There’s a new hotel in downtown Columbus that’s actually pretty old.  If that sounds confusing, it’s because the LeVeque Building — since the 1920s, the most iconic building in the downtown area — has been rehabbed and converted, in part, into a hotel.  

I went to meetings at the hotel yesterday and today, and they’ve turned this Art Deco masterpiece into a pretty cool hotel.  The fixtures have been cleaned and brightened — allowing nifty Art Deco touches, like elevators with names like “health” and “prosperity,” to shine through.  The lobby area (shown below) is open and airy, and there’s a nice second-floor bar, too.  I spoke to someone who was staying at the hotel, and he said the guest rooms are great.

This is another nice step forward for downtown Columbus.  Every town needs cool hotels in the core area.

Another Potential Cultural Shift

The U.S. Census Bureau recently announced that a greater percentage of Americans are renting than at any time in the last 50 years.  According to the Bureau, in 2016 36.6 percent of the heads of households rented their place of residence — the most since 1965.  43.3 million heads of household are renters, and the percentage of renters among heads of household has increased from 31.2 percent in 2006 to 36.6 percent.

120301_24b_forrent-crop-rectangle3-largeWhy are we seeing these shifts?  The authors of the Census Bureau study attribute the movement toward renting to lingering concerns about owning a home stemming from the Great Recession, rising house prices, and young people who are so burdened by student loan debt that they simply can’t afford to purchase a home.  Millennials are the most likely to rent their place of residence:  in 2016, 65 percent of heads of household under age 35 are renters.  And there may be other factors at play, like the potential difficulties of selling a home in an economy where you might need to pick up stakes and move to another city in order to advance in your career.  Who wants to be saddled with a house, and fretting about whether you can sell it, under those circumstances?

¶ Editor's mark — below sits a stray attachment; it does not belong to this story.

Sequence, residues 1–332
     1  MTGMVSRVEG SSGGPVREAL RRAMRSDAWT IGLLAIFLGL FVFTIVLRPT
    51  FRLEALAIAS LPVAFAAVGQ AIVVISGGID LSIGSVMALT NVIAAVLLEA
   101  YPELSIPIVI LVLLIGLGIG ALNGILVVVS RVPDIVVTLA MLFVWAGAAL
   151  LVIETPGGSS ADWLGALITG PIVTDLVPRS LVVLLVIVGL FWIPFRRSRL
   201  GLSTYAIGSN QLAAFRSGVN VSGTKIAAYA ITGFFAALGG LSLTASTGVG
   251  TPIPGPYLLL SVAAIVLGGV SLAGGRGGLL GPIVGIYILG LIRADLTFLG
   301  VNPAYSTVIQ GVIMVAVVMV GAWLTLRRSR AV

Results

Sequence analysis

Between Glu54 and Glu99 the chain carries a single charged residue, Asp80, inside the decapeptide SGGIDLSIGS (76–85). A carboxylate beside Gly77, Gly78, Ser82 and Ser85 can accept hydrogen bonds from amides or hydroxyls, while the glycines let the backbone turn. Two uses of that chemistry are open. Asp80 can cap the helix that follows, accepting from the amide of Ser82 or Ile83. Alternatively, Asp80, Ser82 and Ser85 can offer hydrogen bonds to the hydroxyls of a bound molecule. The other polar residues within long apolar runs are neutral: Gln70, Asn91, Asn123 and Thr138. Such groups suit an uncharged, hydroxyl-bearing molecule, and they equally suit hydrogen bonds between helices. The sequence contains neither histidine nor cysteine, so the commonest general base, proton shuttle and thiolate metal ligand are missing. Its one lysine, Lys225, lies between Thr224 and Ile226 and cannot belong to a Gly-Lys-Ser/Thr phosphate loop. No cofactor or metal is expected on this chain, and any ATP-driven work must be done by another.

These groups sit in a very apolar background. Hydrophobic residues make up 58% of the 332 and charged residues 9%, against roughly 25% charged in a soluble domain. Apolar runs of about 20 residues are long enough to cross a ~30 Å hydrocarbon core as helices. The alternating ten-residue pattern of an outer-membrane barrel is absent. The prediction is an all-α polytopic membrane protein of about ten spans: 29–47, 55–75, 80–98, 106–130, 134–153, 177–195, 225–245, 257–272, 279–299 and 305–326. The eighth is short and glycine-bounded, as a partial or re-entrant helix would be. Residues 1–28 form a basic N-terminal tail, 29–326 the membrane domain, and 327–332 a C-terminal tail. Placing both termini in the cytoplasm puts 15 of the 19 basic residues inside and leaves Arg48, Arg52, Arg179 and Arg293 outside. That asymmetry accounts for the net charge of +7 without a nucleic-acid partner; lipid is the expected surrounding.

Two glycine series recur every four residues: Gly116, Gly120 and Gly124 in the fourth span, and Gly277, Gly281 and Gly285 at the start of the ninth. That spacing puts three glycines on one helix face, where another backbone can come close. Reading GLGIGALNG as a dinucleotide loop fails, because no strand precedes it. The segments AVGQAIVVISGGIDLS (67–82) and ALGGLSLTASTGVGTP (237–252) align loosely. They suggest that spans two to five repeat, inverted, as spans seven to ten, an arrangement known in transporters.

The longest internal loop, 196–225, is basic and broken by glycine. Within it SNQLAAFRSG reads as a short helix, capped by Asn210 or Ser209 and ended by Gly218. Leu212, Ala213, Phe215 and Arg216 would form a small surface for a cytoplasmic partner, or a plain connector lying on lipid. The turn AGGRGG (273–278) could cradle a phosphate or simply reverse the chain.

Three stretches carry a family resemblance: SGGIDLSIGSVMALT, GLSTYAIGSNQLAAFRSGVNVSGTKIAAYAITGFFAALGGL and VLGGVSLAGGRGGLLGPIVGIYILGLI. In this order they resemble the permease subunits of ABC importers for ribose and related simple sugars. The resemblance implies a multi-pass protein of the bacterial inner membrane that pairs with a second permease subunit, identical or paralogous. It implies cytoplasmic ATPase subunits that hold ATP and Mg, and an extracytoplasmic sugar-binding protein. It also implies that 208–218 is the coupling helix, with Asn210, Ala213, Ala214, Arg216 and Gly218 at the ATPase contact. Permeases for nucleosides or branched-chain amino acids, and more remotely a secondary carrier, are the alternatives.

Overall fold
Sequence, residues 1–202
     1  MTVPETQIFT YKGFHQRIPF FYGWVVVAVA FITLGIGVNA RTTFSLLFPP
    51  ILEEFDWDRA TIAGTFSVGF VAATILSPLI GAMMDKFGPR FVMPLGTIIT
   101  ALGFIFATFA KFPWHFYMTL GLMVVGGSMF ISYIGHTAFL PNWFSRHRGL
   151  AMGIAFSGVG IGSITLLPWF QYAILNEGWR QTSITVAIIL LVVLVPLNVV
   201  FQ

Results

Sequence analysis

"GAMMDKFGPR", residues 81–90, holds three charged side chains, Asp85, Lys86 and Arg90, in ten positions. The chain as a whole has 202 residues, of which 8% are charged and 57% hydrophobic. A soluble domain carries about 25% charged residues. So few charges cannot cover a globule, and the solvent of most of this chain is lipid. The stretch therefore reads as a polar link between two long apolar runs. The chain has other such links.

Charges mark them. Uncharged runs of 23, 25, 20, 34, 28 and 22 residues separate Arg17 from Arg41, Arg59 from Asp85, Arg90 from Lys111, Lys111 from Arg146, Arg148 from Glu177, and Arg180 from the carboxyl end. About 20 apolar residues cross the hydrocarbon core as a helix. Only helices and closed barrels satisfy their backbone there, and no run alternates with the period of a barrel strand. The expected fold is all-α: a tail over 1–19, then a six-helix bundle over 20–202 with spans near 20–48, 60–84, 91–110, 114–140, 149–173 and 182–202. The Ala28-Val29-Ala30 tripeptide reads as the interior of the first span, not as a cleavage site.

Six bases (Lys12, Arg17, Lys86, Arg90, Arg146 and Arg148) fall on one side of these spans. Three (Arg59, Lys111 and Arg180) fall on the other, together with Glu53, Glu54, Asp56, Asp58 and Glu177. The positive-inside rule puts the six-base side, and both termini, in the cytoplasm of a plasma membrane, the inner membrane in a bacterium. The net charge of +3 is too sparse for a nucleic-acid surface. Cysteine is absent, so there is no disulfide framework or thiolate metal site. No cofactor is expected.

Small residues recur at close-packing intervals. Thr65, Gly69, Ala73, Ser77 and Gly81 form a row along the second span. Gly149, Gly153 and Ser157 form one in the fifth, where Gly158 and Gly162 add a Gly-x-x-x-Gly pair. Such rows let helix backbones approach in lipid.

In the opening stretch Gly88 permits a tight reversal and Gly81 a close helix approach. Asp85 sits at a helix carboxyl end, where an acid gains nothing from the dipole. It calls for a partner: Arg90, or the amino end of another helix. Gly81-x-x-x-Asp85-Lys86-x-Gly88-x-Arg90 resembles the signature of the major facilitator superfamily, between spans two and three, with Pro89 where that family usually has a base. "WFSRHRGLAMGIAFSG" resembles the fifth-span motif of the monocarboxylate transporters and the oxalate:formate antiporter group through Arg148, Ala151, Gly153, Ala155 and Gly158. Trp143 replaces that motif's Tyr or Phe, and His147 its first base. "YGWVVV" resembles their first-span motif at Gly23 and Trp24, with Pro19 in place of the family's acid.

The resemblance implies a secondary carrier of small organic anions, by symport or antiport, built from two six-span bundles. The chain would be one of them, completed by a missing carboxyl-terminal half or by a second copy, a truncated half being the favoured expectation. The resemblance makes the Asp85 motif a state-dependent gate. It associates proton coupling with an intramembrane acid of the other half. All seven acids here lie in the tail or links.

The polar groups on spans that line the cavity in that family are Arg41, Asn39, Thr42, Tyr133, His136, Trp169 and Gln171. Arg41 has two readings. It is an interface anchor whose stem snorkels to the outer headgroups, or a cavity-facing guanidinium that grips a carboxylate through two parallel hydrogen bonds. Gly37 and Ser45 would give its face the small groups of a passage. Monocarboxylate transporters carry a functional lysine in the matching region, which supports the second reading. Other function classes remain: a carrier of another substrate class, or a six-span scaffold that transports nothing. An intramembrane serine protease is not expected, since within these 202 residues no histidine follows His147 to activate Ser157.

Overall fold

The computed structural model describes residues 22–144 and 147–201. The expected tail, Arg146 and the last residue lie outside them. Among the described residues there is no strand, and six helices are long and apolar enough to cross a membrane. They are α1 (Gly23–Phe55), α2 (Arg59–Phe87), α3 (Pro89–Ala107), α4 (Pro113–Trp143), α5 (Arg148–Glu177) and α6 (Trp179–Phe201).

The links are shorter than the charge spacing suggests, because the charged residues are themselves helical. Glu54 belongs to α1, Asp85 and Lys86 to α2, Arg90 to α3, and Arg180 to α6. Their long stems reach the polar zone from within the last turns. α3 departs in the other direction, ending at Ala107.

I’ve got no doubt that these factors, and others, are contributing to the movement toward renting.  In my experience, young people these days are a lot more thoughtful and analytical about their housing decisions than was the case with people of my generation.  We were raised on concepts of the American Dream in which owning your own home was a fundamental part of the puzzle, and as a result the decision to buy a house was almost a reflexive, automatic act.  Now it seems that people generally, and young people specifically, are more carefully weighing their options and concluding that, for many, renting makes a lot more sense — whether it is because of a desire to be flexible, or because renting often allows them to live closer to their workplaces and areas that offer lots of social activities, or because living in an apartment building can provide a kind of ready-built community, or because of concerns about getting stuck with an overpriced house, or something else.  It’s one of the reasons why, in Columbus, the rental market is exceptionally hot and people are building new rental units left and right.

We may be seeing a shift in cultural norms, away from defining success as owning a tidy home in the suburbs and mowing your lawn every Saturday during the summer.  If, like me, you’re not a fan of suburban sprawl and would like to see our existing city areas revitalized, the movement toward renting is not a bad thing.